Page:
sobranie zakonov Rossiskoi imperii. Sobranie vtoroe", St.-Petersburg, 1834, tom 8, otdelenie
1. 1833 g.-m "The Whole Collection of the Laws of the Russian Empire. The Second
Edition", St. Petersburg, vol. 8, section 1 — 1833, p. 531 (6447)
62 Ibid., pp.
63 C. Bojanus,
"Gomeopatiia...", see note 1, pp. 69-73
64 Ibid., p.
65 Ibid., pp.
Decembrist revolt — this was the revolt of the nobility, mainly represented by the army
officers, against the monarchy and serfdom in Russia in December 1825. After the revolt had been
crushed, many of its participants were exiled to Siberia. There is a rich literature on the subject
of the revolt both in Russian and in English languages. Cf. Yacov Gordin, "Miatezh
reformatorov 14 dekabria 1825" (The Revolt of Reformers on December 14, 1825) and "Posle
miatezha. Khronica" (After the Revolt. Chronic), issued by the publishing house
"TERRA" in Moscow, 1997.
67 See mention
of his homeopathic activity in: G. Mendrina, "Meditsinskaia deiatel'nost'
politicheskih ssyl'nykh v Sibiri" (Medical Activity of the Political Exiles in Siberia),
Tomsk, 1962, p. 20
"Sibirskie pis'ma dekabristov, 1838—1850" (Sibirian Letters of the Decembrists,
1838—1850), Krasnoiarsk, 1987, p. 190
krai (Our land), 1925, 7(11), p. 9. "Nash krai" — a journal published by the
Astrakhan district planning committee in 1922—1928.
krai, 1925, 8—9 (12—13), p. 9
71 The above
mentioned Decembrist Ivan Pushchin wrote: "The people considers all of us as doctors and turns
to us for help rather than to a staff [military] physician, who either is drunk or does not move
without payment". I. Pushchin "Zapiski o Pushkine. Pis'ma" (Memoirs on Pushkin.
Letters), Moscow, 1955, p. 205
Zdekauer (1815 — no earlier 1901); Prof. of Therapy and General Pathology (1842—1860)
then Clinical Prof. (1860—64) at the St. Petersburg Medical-Surgical Academy. Since 1861 he
was physician-in-ordinary to the Tsar family, and since 1884 President of the Medical Council.
("Biographisches...", see note 8, v. 6, 1888, p. 358). I found little information on
Prof. N. Kozlov. He also was a Professor at the St. Petersburg Medical-Surgical Academy; in the
1870—80s he became a member of the Medical Council.
73 C. Bojanus,
"Gomeopatiia...", s. note 1, p.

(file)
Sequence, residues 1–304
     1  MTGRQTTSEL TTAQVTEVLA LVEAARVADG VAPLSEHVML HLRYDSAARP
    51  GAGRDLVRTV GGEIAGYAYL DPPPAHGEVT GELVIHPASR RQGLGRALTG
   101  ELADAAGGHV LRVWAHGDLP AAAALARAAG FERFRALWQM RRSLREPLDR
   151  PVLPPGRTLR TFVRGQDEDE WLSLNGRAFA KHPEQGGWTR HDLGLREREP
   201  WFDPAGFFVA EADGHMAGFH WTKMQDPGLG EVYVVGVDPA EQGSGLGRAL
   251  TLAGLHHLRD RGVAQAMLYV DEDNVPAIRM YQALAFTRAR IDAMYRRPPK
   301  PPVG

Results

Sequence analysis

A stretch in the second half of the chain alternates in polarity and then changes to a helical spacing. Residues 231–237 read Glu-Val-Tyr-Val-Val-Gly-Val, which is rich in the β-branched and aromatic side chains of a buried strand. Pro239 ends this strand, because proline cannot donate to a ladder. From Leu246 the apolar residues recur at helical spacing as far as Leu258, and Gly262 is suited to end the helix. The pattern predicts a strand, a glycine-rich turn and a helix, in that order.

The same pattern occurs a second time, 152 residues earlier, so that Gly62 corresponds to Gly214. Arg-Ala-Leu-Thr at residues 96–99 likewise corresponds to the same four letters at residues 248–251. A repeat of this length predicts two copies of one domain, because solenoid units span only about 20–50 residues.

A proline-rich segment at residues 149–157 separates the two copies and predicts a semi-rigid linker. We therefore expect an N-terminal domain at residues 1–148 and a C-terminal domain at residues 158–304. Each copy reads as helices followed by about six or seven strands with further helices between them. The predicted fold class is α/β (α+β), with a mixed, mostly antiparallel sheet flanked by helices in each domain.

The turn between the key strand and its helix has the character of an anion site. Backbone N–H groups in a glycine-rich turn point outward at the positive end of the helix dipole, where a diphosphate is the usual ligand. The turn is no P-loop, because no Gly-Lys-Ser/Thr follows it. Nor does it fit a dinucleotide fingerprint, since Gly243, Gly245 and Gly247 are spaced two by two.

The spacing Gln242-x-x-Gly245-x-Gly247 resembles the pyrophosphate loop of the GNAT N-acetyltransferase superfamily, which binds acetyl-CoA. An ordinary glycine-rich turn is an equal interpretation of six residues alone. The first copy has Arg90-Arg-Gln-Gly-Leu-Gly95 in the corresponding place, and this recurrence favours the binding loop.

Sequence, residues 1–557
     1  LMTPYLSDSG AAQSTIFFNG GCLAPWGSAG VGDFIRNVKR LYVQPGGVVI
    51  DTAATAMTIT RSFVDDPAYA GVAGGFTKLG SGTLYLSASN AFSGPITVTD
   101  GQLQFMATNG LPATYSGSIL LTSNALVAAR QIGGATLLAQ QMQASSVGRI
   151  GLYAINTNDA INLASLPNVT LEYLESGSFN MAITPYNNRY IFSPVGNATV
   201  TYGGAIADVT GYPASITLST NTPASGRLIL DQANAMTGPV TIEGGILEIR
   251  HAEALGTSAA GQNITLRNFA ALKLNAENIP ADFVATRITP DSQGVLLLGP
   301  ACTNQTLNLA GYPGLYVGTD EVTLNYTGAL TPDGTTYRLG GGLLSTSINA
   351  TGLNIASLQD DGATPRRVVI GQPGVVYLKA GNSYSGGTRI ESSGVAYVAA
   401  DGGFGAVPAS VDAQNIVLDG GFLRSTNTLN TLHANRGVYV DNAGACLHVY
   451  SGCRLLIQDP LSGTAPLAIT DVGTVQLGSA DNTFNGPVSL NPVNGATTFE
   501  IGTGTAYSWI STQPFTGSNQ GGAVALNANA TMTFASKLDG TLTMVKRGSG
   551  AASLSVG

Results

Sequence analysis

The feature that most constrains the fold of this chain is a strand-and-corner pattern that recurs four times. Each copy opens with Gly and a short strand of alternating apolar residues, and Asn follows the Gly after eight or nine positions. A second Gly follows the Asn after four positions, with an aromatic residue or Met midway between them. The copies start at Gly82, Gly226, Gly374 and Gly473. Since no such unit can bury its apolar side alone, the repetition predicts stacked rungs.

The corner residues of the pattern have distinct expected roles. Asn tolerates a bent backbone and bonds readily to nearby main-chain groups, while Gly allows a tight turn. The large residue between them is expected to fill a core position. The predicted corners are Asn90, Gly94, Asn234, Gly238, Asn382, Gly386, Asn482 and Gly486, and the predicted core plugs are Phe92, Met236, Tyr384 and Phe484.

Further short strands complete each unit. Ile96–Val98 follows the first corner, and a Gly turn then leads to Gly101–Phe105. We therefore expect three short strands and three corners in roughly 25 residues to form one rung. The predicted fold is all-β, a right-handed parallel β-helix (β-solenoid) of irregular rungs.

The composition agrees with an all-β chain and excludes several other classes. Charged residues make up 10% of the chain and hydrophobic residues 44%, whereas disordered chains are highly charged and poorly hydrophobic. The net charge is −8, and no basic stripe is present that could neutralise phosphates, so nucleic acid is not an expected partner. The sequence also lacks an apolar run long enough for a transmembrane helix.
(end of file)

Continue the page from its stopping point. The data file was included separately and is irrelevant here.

74 Ibid., p.
75 Dr. Anton von
H???bbenett (1824—1901) graduated in 1850 from Dorpat University. After having observed
several successes of homeopathic treatment, he traveled abroad in 1863 to learn more on homeopathy.
He studied homeopathy in Vienna, Budapest and Paris, and practiced in St. Petersburg; since 1896 he
lived in Riga (Vrach-gomeopat, 1901, 4, pp. 170—171); for a biography of Dr. Carl
Bojanus see note 1; Dr. Carl Frantz von Villers (1817—1890) graduated in 1836 in Leipzig.
From 1852 to 1867 and from 1870 to 1873 he lived in St. Petersburg (R. Tischner
"Geschichte...", see note 1, p. 802). I found no biographical data on Dr. Alfons Beck.
For an interesting fact of his biography see note 85 below.
76 C. Bojanus,
"Gomeopatiia...", see note 1, p. 222
77 Ibid., p.
78 Ibid., p.
275. The names of Kozlov and Zdekauer had never appeared in any direct connection with homeopathy
any longer. The only, much later and rather amusing exception was the celebration of the fifteenth
anniversary of the medical and scientific activity of Nicholas Zdekauer in 1888, arranged by the
Society of Public Health Protection (Obshchestvo Ohraneniia Narodnogo Zdraviia). The Society
of Homeopathic Physicians was invited to participate in the celebration together with other
scientific societies. The deputation composed of the President of the Society Dr. Vladimir von
Ditmann, the Secretary Dr. Lev Brazol and a full member A. von Hübbenett arrived at the
celebration and delivered a congratulation, in which the following was stressed: "...The
Society of Homeopathic Physicians is expressing a deep respect toward you, as a noble opponent who
had a moral courage to fairly and openly arise the problem of the benefit of homeopathic treatment.
The 'Program', proposed by you 26 years ago, serves a proof to your sincere desire to
elucidate a debatable question and to introduce the spirit of a serious scientific investigation
into the teaching bequeathed to us by immortal Hahnemann. We do not loose the hope that your
example would, probably, awake other influential in science doctors to quiet discussion of
theoretical grounds of homeopathy in its current period of development..." (Gomeopatichesky
vestnik, 1888, 6, pp. 453—54). I am not sure whether the homeopaths reread the
"Program" before speaking of "sincere desire" of Zdekauer to discuss the
"teaching ... of immortal Hahnemann". Did the President Vladimir von Ditmann already
forget that only 6 years before the names of Kozolv and Zdekauer had appeared among those who
signed the shameful "Decision" of the Medical Council in 1882, in which he was labeled as
total ignoramus (see the section "The Medical Council vs. Homeopathy: 50 years later")? I
think it goes without saying that a "noble opponent", i. e., Prof. Zdekaur could hardly